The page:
I guess the C++ solution I am about to describe here won't be considered a SPOJ top notch one, because instead of focusing on writing the most performant piece of code one can do, I have been more interested in writing something that is easy to understand. Anyone has his own priority, I guess.

The code should give as output all the prime numbers in a close interval [low, high] with a span less or equal to 100,000. The biggest number we are interested in is a mere 1,000,000,000. So no big performance issues, if you are using a decent machine.

Given the relatively small numbers involved, we can safely use the sieve of Eratosthenes to check if a given number is a prime or not, as already discussed in a previous post.

I found interesting to design a solution based on a class, like this:

class PrimeGenerator { private: enum { MAX_VALUE = 1000000000, MAX_DELTA = 100000 }; // 1 std::vector<int> primes_; // 2 public: PrimeGenerator(); // 3 std::vector<int> findPrimes(int low, int high); // 4 };1. In the real world, I'd prefer to have these value configurable, but for our toy generator a couple of constants would suffice.

2. Here I'm going to store a few ten thousands prime numbers, enough of them to let the sieve working fast on any expected input interval. Given the requested MAX_VALUE, working with int (on a 64 bit architecture) is more than enough.

3. The constructor would take care of the boring and time expensive job of setting up the private primes vector.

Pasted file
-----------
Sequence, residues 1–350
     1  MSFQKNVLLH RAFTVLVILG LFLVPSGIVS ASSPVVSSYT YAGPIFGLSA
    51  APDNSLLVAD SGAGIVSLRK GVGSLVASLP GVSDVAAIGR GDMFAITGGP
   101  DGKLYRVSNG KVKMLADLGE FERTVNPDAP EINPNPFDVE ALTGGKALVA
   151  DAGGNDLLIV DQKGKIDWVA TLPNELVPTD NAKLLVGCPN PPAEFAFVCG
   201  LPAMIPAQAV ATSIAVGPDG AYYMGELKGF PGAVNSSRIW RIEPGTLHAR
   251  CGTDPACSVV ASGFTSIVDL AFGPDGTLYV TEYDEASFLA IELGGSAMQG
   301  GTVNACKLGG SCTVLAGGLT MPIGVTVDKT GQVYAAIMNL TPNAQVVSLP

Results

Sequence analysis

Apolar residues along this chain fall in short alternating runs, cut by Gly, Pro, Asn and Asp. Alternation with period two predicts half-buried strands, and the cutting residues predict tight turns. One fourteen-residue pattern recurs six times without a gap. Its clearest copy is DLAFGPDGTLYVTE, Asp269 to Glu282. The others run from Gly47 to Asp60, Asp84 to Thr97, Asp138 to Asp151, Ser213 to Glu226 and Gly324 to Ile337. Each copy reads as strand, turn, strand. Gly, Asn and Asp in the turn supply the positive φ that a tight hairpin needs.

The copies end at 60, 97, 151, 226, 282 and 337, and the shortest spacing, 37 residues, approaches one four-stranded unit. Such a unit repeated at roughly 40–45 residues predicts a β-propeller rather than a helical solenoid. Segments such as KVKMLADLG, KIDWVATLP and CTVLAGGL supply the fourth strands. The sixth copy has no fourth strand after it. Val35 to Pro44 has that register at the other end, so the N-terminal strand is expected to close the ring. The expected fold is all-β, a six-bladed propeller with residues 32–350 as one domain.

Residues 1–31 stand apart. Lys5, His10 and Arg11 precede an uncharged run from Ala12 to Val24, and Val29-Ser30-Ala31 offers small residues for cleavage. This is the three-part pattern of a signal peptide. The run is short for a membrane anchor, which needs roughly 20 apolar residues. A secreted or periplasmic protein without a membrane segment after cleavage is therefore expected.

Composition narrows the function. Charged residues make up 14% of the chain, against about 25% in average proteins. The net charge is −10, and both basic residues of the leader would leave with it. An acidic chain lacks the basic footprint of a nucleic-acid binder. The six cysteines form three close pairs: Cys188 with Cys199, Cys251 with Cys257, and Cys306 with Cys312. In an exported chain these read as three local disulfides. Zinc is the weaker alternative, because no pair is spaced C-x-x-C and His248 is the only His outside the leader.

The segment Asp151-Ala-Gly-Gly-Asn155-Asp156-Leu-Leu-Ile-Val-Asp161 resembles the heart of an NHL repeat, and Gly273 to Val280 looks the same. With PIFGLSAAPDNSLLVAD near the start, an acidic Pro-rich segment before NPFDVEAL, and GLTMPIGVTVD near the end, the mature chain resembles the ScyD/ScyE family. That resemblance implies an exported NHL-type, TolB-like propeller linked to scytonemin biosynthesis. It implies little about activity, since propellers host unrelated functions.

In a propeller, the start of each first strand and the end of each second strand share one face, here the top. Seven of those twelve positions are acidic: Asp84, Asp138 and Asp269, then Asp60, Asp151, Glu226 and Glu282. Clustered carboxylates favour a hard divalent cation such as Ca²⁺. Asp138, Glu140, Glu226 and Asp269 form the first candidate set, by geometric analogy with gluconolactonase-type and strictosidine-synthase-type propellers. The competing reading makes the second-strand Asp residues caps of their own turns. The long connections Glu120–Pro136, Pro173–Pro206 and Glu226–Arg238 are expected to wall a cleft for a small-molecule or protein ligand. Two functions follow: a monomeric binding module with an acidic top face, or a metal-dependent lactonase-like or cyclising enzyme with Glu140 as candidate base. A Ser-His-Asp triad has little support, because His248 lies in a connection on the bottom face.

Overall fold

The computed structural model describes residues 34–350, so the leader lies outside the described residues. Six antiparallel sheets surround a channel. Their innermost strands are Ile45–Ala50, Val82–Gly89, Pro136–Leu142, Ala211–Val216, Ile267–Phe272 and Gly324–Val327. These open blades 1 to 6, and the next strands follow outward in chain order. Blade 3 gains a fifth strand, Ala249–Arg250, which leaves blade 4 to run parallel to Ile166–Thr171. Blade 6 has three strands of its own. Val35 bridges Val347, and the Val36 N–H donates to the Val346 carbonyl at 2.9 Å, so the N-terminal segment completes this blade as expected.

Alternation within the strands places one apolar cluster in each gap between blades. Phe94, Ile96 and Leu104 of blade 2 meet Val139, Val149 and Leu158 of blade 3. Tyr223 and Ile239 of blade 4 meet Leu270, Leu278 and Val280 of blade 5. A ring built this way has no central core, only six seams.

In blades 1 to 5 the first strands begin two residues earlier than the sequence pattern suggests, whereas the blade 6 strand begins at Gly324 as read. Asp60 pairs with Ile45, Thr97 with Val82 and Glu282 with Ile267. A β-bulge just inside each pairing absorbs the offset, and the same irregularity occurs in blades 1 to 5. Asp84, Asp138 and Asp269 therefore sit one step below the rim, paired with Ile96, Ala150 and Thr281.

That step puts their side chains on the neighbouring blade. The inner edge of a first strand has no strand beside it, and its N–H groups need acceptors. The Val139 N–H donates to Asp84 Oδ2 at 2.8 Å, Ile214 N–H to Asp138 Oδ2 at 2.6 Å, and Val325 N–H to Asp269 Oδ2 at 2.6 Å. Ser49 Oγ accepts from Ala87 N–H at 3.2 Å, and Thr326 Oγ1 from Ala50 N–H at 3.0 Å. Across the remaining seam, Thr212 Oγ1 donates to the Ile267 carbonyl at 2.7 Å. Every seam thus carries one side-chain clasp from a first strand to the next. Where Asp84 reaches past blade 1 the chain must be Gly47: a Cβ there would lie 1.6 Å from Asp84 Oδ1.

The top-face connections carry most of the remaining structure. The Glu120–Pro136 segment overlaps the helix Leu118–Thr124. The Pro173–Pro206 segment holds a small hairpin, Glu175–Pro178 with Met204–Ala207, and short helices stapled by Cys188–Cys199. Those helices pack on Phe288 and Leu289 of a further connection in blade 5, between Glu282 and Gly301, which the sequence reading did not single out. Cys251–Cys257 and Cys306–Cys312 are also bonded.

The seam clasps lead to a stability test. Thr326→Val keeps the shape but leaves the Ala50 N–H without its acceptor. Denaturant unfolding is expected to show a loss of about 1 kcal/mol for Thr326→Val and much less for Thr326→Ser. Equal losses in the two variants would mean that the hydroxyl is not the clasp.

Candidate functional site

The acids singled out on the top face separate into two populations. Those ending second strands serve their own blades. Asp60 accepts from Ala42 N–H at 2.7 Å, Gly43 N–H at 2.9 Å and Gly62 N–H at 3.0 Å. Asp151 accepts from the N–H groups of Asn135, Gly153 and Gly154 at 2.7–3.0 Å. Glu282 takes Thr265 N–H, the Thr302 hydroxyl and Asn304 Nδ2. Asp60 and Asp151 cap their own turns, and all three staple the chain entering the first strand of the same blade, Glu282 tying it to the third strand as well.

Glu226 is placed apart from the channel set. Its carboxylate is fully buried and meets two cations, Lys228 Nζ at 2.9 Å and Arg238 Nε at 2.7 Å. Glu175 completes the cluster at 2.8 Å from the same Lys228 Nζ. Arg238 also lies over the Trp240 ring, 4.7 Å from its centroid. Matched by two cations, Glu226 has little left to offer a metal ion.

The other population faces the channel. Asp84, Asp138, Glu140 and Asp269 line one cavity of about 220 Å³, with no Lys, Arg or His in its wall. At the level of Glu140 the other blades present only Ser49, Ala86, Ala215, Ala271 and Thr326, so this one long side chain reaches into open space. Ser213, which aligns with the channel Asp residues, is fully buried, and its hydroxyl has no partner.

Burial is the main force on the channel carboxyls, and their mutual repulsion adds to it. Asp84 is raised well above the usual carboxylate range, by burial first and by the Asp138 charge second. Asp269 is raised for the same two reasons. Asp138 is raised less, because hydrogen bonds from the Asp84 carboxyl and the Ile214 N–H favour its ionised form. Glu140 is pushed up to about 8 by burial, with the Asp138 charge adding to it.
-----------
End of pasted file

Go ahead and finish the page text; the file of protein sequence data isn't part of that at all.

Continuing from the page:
4. So that this function would be (relatively) blazing fast.

My solution would make sense if we plan an extensive use of this prime generator, otherwise the pain that I take in the constructor to calculate all those prime numbers could be a sheer waste of time.

Here is the constructor:

PrimeGenerator::PrimeGenerator() { primes_.reserve(3401); // 1 primes_.push_back(2); primes_.push_back(3); // 2 const int MAX_DIV = static_cast<const int>(std::ceil(std::sqrt(static_cast<double>(MAX_VALUE)))); // 3 for(int i = 5; i <= MAX_DIV; i += 2) // 4 { bool prime = true; for(std::vector<int>::iterator it = primes_.begin(); it != primes_.end(); ++it) { if(i % *it == 0) { prime = false; break; } } if(prime) primes_.push_back(i); } }1. What is this 3401 magic number? Well, I cheated. The sqrt(1,000,000,000) is a bit less than 31,623, and in [1 .. 31,623] there are 3401 prime numbers. So, knowing that these are the primes number that we need (if you wonder why, you could check my previous post on the sieve of Eratosthenes to clear your doubts - hopefully), I reserved this exact number of elements for the primes vector. This would save some memory (re)allocation time.

2. The first cases are so trivial, I decided to resolve them by hand.

3. Whats?! Don't be fooled by this longish line, it is actually saying only that I take the square root of the biggest value my toy generator manages, round to the next integer and converted to an int (counterintuitively the ceiling function ceil() returns a double value, if you think about it, it makes sense, still could be perplexing at first sight). This value is 31623, but I would have felt bad using another magic number in so few lines, being it so easy to calculate.